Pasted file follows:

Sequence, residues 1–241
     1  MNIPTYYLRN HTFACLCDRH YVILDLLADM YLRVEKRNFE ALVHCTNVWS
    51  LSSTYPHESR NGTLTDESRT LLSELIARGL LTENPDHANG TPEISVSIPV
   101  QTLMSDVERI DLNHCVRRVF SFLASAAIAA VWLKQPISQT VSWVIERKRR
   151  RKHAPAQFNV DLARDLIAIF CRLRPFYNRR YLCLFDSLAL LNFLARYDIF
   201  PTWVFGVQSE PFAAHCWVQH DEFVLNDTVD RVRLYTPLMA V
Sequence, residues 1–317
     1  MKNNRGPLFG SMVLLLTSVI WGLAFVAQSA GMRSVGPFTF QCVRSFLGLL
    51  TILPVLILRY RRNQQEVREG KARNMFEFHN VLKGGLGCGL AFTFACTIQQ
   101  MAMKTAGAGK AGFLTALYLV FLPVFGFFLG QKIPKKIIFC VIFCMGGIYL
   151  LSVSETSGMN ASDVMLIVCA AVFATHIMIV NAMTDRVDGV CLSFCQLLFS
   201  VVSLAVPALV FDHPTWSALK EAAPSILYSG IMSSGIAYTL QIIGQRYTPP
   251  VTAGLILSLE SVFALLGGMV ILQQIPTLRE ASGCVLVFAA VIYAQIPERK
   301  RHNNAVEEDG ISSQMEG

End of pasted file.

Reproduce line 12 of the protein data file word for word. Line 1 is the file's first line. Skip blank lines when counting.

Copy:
   201  VVSLAVPALV FDHPTWSALK EAAPSILYSG IMSSGIAYTL QIIGQRYTPP